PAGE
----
Jim Harbaugh has not played any of his top rookies this season, but it's for good reason. Whether that reason is health—both good or bad—or the emergence of other young players, the rookies remain back on the depth chart.
At first glance, you'd think with such good results from last season's crop of new talent, Harbaugh would be chomping at the bit to play this season's group.
But when you do some digging, you find that isn't the case.
Drafted in the first round of the 2012 NFL draft, A.J. Jenkins probably didn't expect to ride the bench his first season as a pro. Especially for a Niners team that had obvious passing issues.
Unfortunate for Jenkins, another former first-round wideout has stepped up in San Francisco this season.
With 44 catches for 510 yards and four touchdowns, Michael Crabtree is finally enjoying a breakout season. He's on pace for career highs in all major stat categories and could even break 1,000 yards receiving.
With Crabtree's emergence, the wide receiver position becomes a lot less thin for Harbaugh. He can be comfortable relying on Randy Moss and Mario Manningham as backups.
As long as he works hard and builds up his strength, Jenkins could be enjoying the same kind of breakout this time next season.
But for now, he remains a student of the game.
San Francisco leads the NFL in rush yards per game, with an average of 170.2 per contest. It's done it all on the backs of two men: Frank Gore and Kendall Hunter.
Obviously, Gore and his 753 yards are the stars of this show. But Hunter (5.0 yards per carry) has been a great option when needed, and he's helped take on some of the heavy rushing load.
So if these two have been so successful, why introduce any other factors? That's where the unfortunate case of LaMichael James comes in.
James, taken in the second round of last season's draft, was only a junior when he left college. Like many before him, he chose to forgo his final year of eligibility to chase dreams of the NFL.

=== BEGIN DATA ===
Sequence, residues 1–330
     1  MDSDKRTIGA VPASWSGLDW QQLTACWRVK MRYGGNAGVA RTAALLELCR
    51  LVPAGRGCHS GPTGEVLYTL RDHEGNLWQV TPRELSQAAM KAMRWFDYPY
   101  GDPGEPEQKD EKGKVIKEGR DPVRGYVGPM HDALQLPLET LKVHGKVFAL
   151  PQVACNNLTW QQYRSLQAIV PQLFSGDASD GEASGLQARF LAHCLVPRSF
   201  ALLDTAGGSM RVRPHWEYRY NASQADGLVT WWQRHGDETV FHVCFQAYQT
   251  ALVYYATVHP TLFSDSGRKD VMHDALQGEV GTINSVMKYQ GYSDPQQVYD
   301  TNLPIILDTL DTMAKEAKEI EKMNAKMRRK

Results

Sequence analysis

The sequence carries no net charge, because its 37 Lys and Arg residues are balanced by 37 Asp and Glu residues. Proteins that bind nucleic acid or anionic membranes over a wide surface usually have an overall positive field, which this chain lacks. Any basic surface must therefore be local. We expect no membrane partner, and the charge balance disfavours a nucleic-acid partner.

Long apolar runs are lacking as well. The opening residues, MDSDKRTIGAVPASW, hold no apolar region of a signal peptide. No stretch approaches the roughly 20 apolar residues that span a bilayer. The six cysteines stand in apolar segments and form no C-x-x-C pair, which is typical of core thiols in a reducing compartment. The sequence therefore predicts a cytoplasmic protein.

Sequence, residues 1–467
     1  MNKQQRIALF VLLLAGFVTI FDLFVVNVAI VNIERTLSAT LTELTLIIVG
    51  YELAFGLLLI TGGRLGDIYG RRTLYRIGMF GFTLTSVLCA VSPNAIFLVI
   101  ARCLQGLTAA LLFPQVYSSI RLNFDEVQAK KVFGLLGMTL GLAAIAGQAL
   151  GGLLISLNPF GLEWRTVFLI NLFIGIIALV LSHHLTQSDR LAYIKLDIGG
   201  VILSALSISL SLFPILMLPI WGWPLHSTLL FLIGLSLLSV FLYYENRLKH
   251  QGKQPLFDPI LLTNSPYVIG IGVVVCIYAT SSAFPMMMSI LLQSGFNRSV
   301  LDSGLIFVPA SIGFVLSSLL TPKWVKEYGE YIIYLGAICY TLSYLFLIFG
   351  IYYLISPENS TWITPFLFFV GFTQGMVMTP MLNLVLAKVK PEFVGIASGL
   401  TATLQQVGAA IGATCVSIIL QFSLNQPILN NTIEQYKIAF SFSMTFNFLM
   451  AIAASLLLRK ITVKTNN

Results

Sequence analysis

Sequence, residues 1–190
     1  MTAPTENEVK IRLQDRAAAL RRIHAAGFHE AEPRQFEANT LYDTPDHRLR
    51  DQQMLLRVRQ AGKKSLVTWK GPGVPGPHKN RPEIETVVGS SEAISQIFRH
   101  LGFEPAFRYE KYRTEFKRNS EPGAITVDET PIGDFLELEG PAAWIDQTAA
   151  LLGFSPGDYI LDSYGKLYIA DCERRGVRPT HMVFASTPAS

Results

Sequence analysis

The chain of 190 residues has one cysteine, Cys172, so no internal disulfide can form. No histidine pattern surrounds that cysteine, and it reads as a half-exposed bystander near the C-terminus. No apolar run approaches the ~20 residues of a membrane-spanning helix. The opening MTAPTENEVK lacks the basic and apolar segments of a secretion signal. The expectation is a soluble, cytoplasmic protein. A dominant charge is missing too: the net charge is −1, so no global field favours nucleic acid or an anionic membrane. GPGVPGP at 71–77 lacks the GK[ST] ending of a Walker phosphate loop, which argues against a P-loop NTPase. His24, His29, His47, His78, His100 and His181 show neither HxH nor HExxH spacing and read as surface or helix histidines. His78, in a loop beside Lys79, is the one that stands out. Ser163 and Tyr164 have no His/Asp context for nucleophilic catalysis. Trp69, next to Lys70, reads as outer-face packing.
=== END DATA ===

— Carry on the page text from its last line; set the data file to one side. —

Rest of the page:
Now, the Ducks are making a serious run for their second National Championship bid in three years, and James has yet to touch the ball for the Niners.
Sometimes, that's just the luck of the draw.
And until something disastrous happens in that San Francisco backfield—Brandon Jacobs is also ahead of James on the depth chart, and he too has yet to touch the ball—James will have to learn to enjoy his view from the bench.
In terms of sacks, the San Francisco line ranks 30th in the NFL with 29 allowed. But let's look at the facts here.
Ranking 30th means also being tied with three other teams. Being 30th means the difference between you and the 24th-ranked Carolina Panthers is five sacks. And without that horrendous game against the New York Giants (six sacks in that one), it'd look a lot better.
Even with 176 yards lost on sacks, the 49ers rank first in the NFL in rushing. So they have to be doing something right.
For the most part, it's been being healthy. Coach Harbaugh's been able to achieve that by rolling with four starters and a two-man backup rotation.
As a result, unseasoned players such as fourth-round draft pick Joe Looney haven't had a chance to play.
It seems as long as everyone stays healthy and keeps playing the way they have, Looney will just have to wait his turn.
OK, this one's easy. Here are the only two points you need to know:
1. San Francisco's defense is very very good. It's third in yards allowed per game (292.1) and first in points allowed per game (14.1).
The squad is very well-anchored in the linebacker position by Patrick Willis (72 tackles, one interception) and Aldon Smith (9.5 sacks).
2. Darius Fleming is an outside linebacker drafted in the fifth round of last year's draft out of Notre Dame. He was very solid there, recording 157 tackles (32 for loss) and 14.5 sacks over four seasons.
Of all their 2012 draft picks, he could have had the biggest impact in terms of depth.
But after tearing his ACL in minicamp, the Niners have decided to keep him on the PUP list. Better to let him recover and return for next season than risk an early return.
In the end, the bottom line is Jim Harbaugh knows what he's doing.
Maybe he is running his NFL team a little bit like a college program—letting younger players sit out a year to learn from veterans and get stronger, much like redshirting.
But he was also pretty darn successful at the college level—29-6 in three seasons with San Diego and 29-21 in four seasons with Stanford.
And you know who also redshirted under Jim Harbaugh? Andrew Luck.
So even though he's got some solid rookies, I trust Harbaugh to do his thing. He brought San Francisco back from the brink last year, and there's no one I'd rather have at the helm for the foreseeable future.